A win at home and tie on the road may not seem like a big deal to some, but for those who follow Canadian soccer, it is confirmation of the progress this team has made.

Although this is the fourth round of regional qualifying, Canada has yet to be challenged. Knocking out Dominica 6-0 in the second round and Belize 4-1 in the third round provided a warm up for the true challenge of the group stage. Canada is ranked 102 in the November FIFA rankings and is in a group including Mexico (24), El Salvador (94) and Honduras (95).

Playing at home against Honduras, Canada got a goal from young star Kyle Larin late in the first half. Canada would pick up a big three points at home to build some confidence ahead of a trip to El Salvador. The match in El Salvador may have ended in a scoreless tie, but the point could be important at the end of the group stage for Canada.

The opening match against Honduras provided an interesting matchup to start the group stage. Canada last played Honduras in 2013 needing a tie to advance to the final round of 2014 World Cup qualifying. Playing in the tough environment of Central America, in which Canada’s last win game in 2004, Canada was humiliated 8-1 ending their campaign.

Canada has gained momentum in 2015 prior to their match against Honduras thanks to a group of new players in the starting lineup. With five wins and only one loss in their previous 10 games Canada has been playing some of their best soccer in years.

Although the team has seen lots of new faces in recent years, the midfield has been consistently lead by three veteran leaders for Canada. Julian De Guzman and Atiba Hutchinson, with 85 and 72 caps respectively, have played the most games for Canada of any active players. Some extra motivation for both players is due to age. This may be their last chance at qualifying, with De Guzman being 34 and Hutchinson 32. Will Johnson is 28, younger than his fellow midfielders, and has been active for Canada since 2005. After taking two years of for various reasons, Johnson has returned this year and started for Canada to add experience.

The final midfield spot went to a potential future star. Junior Hoilett had previously only played one game for Canada and only committed to playing for Canada in October at the age of 25. After choosing Canada over Jamaica, Hoilett played in a friendly game against Ghana, then was named a starter for the Honduras and El Salvador games. Hoilett was recruited by Canada after playing five seasons in the British Premier League and wasted no time showing off his talents. Hoilett delivered the dangerous cross that Johnson headed and deflected off Larin for the lone goal.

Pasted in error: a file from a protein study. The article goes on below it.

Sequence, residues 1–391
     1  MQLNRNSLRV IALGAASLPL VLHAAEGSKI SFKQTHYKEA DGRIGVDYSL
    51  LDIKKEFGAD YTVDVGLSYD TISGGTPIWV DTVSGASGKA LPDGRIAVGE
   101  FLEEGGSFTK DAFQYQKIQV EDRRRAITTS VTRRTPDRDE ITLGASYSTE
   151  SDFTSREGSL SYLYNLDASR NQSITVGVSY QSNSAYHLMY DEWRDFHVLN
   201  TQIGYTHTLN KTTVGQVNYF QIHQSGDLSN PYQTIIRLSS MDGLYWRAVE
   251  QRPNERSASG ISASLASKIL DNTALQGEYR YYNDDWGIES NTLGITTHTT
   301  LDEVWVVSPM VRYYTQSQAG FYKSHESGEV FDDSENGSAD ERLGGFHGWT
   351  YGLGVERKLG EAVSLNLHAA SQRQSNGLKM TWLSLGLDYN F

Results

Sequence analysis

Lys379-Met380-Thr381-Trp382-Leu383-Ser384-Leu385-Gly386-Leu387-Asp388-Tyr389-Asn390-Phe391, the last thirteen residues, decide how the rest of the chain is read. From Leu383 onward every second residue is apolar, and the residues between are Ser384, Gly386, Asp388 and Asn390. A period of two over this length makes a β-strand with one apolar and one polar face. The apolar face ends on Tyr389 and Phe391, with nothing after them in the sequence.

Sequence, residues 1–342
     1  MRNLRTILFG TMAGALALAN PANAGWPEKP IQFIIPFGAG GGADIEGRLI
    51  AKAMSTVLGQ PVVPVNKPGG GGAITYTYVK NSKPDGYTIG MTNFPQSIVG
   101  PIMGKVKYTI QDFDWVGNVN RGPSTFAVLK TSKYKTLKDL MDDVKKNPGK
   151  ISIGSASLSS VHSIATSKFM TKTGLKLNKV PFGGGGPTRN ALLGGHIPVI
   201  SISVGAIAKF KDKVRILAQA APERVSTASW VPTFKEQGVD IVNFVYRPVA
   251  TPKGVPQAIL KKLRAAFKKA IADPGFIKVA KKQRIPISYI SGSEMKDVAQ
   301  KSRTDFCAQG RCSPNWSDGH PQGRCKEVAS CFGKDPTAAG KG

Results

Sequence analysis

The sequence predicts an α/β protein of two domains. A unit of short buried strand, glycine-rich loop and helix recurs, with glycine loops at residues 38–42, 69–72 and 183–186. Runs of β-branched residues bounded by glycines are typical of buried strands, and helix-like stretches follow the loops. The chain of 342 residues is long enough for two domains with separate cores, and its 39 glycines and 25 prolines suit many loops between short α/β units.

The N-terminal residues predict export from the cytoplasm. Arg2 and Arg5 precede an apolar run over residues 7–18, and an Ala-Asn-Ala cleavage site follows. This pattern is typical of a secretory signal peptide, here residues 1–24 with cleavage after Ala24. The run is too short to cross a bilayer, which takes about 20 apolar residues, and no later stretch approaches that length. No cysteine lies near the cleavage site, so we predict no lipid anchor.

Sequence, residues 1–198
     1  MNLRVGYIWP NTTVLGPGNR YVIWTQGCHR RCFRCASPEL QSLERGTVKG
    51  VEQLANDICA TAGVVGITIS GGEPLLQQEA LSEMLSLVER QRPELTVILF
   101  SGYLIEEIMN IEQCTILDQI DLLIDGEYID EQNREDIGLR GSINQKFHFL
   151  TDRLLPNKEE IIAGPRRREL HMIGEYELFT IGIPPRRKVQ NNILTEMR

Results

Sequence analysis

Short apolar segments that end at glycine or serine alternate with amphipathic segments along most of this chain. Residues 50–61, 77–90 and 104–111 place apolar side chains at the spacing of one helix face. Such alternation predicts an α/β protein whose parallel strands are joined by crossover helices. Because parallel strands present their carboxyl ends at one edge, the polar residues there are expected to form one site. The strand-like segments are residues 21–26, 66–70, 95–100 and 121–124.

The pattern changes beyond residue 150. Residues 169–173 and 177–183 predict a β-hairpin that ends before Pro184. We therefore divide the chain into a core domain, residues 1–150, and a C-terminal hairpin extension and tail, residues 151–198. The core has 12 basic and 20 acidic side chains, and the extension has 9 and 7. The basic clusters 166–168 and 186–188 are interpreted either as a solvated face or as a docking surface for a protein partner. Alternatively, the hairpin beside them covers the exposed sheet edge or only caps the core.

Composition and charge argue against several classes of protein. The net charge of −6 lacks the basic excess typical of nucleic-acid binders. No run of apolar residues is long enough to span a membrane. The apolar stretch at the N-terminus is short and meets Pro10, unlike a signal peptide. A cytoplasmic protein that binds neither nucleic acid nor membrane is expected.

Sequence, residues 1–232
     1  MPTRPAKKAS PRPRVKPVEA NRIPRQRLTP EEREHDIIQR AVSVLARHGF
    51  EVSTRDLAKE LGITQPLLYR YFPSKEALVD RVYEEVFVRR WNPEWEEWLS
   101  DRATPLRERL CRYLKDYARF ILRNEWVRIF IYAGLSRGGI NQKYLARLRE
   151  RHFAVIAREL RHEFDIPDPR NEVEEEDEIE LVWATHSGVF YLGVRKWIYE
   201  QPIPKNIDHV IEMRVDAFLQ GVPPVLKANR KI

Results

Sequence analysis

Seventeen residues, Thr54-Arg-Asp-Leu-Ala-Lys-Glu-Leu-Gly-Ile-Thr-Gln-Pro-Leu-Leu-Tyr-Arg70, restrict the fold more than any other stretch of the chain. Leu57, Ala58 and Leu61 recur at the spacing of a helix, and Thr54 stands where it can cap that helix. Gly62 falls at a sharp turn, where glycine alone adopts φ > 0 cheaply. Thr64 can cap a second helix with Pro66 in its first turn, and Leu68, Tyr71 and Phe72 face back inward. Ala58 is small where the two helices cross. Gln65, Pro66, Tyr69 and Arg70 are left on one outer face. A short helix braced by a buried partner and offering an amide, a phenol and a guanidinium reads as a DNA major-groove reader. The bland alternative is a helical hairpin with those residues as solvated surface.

A young group of midfielders are ready for Canada off the bench. Samuel Piette, Russell Teibert, Kyle Bekker and Jonathan Osorio are all under 25 and have the potential to contribute if Canada is looking for some fresh legs late in games off the bench.

The front line for Canada may lack experience, but they are a group full of talent. The leader of this group is Kyle Larin, who is only 20 years old but flashed his potential. Larin was the first overall pick in the 2015 MLS super draft, the first time a Canadian has done so. In his rookie campaign, Larin set an MLS rookie scoring record and finished tied for fifth in the league in goals with 17. Larin would go on to win MLS Rookie of the Year becoming the second consecutive Canadian forward to win the

honour.

The 2014 Rookie of the Year was 23-year-old Tesho Akindele. Akindele made his debut for Canada in 2014, and has appeared in seven games so far. The young star did not start in the qualifiers, but should have the chance to continue to impress the Canadian coaches, and could eventually earn a starting job. The final piece of the offensive puzzle for Canada is Tosaint Ricketts. Ricketts is the active leader in goals for Canada with 12 and has played in 47 games. Ricketts provides veteran leadership for the young strikers who are unfamiliar with the challenges of playing at the international level.

The back line has been completely overturned since giving up eight goals to Honduras. The group of Marcel De Jong, Adam Straith, Dejan Jakovic and Karl Ouimette have paired with goalkeeper Milan Borjan to get shutouts in back to back games. David Edgar is the top option of the bench, but due to injury he was only used as a late substitute against El Salvador. Regarded as a strong leader, Edgar, previously named Captain for Canada for a 2015 Gold Cup match, can help stabilize the defence in big matches if needed. This group will most likely continue to start for Canada. A young group of defenders may be able to take a spot away from some of the veterans, but until Canada allows a goal there is no need for change.

Canada will continue group play when Mexico visits on March 25 followed by a visit to Mexico for the most challenging game of their schedule on March 29. Getting a point at home and possibly stealing one on the road would be a huge boost to Canada’s efforts to make the final round of qualifying.

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